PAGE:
WASHINGTON -- Some police departments in the United States are saving money by hiring civilians to respond to minor calls rather than sending sworn officers.
The practice first came about in the 1980s but died after the economy improved and departments beefed up following the terrorist attacks of Sept. 11, 2001, USA Today reported Monday. With the economy slowing again, some municipalities are returning to the practice.
Among those using or planning to use civilians are the metropolitan police departments in Indianapolis and Las Vegas as well as the sheriff's office in Orange County, Fla.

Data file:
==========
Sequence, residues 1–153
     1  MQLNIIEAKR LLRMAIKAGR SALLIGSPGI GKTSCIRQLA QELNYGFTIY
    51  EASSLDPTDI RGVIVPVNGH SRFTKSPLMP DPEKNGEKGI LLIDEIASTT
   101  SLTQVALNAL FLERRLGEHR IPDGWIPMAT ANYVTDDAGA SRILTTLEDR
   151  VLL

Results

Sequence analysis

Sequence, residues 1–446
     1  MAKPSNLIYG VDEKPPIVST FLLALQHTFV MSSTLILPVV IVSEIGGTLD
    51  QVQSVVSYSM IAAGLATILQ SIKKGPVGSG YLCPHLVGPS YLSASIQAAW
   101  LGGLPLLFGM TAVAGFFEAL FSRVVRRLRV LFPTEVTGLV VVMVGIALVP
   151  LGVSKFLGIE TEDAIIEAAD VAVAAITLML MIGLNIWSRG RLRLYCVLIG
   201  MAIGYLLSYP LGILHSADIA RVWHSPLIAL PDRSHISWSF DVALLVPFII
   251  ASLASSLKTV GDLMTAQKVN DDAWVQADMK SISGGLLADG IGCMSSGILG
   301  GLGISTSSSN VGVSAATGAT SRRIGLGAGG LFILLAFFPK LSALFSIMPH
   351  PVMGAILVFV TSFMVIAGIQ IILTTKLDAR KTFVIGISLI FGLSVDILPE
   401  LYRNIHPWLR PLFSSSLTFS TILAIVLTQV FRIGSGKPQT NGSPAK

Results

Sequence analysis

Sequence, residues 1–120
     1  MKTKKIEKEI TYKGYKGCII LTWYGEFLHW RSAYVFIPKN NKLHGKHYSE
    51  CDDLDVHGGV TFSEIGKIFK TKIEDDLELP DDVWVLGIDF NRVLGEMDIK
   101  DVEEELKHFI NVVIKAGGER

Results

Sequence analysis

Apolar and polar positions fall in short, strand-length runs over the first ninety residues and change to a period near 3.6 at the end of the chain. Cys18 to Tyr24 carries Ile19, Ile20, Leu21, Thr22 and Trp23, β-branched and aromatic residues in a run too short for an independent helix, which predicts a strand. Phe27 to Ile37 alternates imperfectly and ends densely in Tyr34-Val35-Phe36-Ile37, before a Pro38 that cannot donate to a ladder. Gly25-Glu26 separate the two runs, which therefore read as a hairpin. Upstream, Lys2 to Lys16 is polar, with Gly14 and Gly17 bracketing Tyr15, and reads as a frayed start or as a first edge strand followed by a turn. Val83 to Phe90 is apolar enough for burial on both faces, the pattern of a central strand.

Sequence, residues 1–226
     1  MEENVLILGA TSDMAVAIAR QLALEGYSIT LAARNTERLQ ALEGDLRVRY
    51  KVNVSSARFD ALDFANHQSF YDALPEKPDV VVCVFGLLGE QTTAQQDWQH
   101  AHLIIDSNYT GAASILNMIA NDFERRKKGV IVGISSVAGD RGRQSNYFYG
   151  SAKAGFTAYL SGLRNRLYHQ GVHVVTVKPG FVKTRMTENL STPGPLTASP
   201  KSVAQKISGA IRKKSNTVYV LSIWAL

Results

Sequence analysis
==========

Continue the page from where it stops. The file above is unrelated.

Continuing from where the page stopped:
Sending civilians into the field even for routine calls remains a contentious issue.
Jim Pasco, executive director of the Fraternal Order of Police, tells USA Today there is a "bright line" between what civilians can do and what sworn officers carrying a gun can do.
"If it's a fender bender, there is no way of knowing whether the person involved is (fleeing) from a bank robbery or a drug deal or just taking the kids home," he said.
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